Extending Social Skills Training for Children Through Interactive Technology
Small Business Information
3-C INSTITUTE FOR SOCIAL DEVELOPMENT, 1901 N HARRISON AVE, STE 200, CARY, NC, 27513
AbstractDESCRIPTION (provided by applicant): Decades of research indicate social-behavioral deficits negatively affect adjustment and place children at increased risk for a myriad of later negative outcomes including depression, substance abuse, and delinquency. W ithout intervention, social-behavioral problems tend to persist and escalate over time which, in turn, has a tremendous impact on mental health. Social skills training (SST) is supported as an efficacious method for significantly improving children's peer relations, social behavior, and emotional adjustment and reducing risk of developmental psychopathology. Further, the efficacy of SST interventions is enhanced when training extends outside a treatment setting with practice opportunities. The goal of this one-year SBIR Phase I project is to extend an existing evidence-based small group SST program for children (SSGRIN; Social Skills Group Intervention) into the home environment through a computer-based interactive social training system (ISTS). The proposed ISTS will offer tailored interactive social problem-solving exercises that parallel SSGRIN's in-person intervention. A unique multi- disciplinary collaboration between computer science and psychology will guide development. For the Phase I prototype, the software user-interface, including graphic design, as well as modes of user interaction, story plot and sequence, and hierarchy of causal relations will be developed. Development will build on 3-C's existing work on pedagogical agents in social stories and animation for SST. Via the ISTS, children will actively solve plot-based social problems by interacting with pedagogical agents, purposefully using SSGRIN skills and concepts to navigate the story events. The interactivity of the proposed ISTS will be a s ignificant technological advancement over current SST software enabling story events to be scaffolded based on child's actions and goals. In addition, the proposed ISTS will have a reporting feature built into the software to provide intervention providers with feedback regarding children's interactions with the ISTS to inform their in-person SST efforts. Once the software prototype is created, an initial test of feasibility will be conducted within two target market segments (school- and community-based ch ild mental health professionals; n=30 each) and with targeted end users (children ages 8-12 years and parents; n=30 each) to determine the usability, feasibility, and value of the proposed product. Phase I findings will provide the foundation for the devel opment and testing of the complete SSGRIN-ISTS product during Phase II. Once the ISTS is finalized, a scientific evaluation will be conducted in Phase II to examine whether inclusion of the ISTS results in enhanced treatment benefits for children's social skills, behavior, and mental health, greater generalization of skill acquisition, and higher engagement in treatment compared with SSGRIN alone. The long-term objective of this product is to decrease the development of psychiatric disorders due to socio-em otional deficits. This project addresses the President's New Freedom Commission on Mental Health (2003) calls for early treatment of children who experience mental health to offset potential co-occurring disorders, school failure, and other problems. Probl ematic peer relations, particularly when chronic, can have a tremendous impact on children's mental health as well as their academic, behavioral, and emotional functioning. Without intervention, social and behavioral problems tend to persist and escalate o ver time which, in turn, has a tremendous impact on the development of psychopathology. Development of psychiatric disorders due to socio-emotional deficits is a public health concern with annual US economic, indirect cost of mental illnesses estimated at 79 billion. Cost-effectiveness analyses of social skills training programs with even modest effect sizes estimated a monetary savings of more than 95,000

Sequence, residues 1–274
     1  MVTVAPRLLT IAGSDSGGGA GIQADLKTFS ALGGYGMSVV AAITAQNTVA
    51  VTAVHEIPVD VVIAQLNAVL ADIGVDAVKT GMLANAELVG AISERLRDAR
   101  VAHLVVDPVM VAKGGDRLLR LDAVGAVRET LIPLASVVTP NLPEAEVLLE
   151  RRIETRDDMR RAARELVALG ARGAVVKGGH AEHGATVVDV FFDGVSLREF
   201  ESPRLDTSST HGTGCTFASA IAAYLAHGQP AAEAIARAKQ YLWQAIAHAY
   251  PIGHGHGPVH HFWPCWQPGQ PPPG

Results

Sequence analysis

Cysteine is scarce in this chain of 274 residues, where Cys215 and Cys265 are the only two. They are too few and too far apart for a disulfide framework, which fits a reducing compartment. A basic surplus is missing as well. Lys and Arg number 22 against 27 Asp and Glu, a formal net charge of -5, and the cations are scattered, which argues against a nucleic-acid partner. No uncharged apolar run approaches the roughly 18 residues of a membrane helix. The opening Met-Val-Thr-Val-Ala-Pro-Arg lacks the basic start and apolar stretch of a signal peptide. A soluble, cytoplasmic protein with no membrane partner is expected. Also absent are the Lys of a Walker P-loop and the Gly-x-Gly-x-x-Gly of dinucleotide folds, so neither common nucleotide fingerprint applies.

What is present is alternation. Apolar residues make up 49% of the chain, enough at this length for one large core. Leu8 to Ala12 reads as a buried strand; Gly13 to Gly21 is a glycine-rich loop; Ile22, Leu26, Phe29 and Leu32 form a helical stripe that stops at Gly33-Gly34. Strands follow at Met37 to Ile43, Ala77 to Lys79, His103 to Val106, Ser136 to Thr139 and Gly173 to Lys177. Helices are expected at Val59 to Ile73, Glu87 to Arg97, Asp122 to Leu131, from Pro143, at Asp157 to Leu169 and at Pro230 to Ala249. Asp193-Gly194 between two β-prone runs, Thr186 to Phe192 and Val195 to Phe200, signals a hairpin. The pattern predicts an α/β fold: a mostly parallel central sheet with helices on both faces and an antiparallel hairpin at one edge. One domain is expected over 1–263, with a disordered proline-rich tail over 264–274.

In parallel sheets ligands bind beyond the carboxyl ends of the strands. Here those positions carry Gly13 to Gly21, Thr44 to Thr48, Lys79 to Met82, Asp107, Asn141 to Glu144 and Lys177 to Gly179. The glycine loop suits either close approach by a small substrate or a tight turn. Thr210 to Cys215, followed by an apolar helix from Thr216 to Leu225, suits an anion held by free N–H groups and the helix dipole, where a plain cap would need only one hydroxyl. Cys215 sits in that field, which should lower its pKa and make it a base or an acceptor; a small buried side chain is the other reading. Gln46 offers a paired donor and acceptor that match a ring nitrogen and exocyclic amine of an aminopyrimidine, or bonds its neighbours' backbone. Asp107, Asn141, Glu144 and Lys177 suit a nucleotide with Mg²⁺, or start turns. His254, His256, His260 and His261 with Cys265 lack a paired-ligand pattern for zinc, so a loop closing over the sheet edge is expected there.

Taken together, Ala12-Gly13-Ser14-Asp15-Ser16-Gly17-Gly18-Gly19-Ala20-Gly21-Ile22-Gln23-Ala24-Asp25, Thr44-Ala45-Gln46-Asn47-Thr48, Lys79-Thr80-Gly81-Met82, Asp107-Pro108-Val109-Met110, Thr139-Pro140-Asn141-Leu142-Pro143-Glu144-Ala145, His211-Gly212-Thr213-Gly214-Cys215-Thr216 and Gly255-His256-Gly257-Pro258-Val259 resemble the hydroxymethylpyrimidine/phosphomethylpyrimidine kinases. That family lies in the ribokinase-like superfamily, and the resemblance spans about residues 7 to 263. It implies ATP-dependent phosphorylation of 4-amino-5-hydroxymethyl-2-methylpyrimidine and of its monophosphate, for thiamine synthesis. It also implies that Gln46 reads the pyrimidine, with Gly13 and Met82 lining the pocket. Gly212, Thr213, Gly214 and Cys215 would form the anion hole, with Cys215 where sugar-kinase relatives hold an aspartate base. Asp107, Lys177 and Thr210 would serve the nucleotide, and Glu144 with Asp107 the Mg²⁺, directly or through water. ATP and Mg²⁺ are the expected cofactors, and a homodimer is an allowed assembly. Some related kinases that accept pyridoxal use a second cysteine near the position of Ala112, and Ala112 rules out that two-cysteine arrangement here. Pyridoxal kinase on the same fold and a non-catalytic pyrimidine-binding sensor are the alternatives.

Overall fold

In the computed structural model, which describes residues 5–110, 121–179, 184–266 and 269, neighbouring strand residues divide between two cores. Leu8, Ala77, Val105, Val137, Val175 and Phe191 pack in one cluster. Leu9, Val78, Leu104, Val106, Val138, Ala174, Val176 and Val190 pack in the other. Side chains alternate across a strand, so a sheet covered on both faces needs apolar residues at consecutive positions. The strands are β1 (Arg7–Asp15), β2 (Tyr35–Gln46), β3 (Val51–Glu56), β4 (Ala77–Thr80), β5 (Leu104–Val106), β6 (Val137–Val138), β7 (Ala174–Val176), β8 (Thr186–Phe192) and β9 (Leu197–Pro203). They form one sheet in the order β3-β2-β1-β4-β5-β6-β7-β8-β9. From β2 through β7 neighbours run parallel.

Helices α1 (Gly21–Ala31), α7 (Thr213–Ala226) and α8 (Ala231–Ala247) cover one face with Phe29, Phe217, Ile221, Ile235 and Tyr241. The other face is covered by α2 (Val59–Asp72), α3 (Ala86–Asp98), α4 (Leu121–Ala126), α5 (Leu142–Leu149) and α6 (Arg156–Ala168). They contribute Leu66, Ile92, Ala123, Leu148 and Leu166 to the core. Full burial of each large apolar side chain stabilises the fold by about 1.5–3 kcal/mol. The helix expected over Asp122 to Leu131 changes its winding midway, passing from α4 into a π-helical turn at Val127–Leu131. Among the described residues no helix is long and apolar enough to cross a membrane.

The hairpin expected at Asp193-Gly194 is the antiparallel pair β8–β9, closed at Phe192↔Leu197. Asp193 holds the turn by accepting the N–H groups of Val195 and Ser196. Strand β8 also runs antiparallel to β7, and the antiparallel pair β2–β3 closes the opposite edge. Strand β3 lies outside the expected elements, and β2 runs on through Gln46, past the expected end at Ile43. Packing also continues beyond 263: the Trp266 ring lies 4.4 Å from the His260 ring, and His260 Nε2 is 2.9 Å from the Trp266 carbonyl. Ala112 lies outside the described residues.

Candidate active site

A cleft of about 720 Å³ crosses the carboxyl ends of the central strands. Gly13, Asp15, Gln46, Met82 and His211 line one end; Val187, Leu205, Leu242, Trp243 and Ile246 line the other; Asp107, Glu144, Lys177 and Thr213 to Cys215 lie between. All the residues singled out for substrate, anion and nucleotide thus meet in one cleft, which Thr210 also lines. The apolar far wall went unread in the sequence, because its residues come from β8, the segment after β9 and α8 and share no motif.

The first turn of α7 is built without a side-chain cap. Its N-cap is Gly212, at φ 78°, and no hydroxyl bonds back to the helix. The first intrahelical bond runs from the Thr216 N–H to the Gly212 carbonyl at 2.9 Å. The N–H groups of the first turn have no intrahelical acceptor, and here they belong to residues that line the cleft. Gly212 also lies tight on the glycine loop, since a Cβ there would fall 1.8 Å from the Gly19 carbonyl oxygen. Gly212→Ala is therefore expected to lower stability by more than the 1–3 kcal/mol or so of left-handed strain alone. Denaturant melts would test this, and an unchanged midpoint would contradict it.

* information listed above is at the time of submission.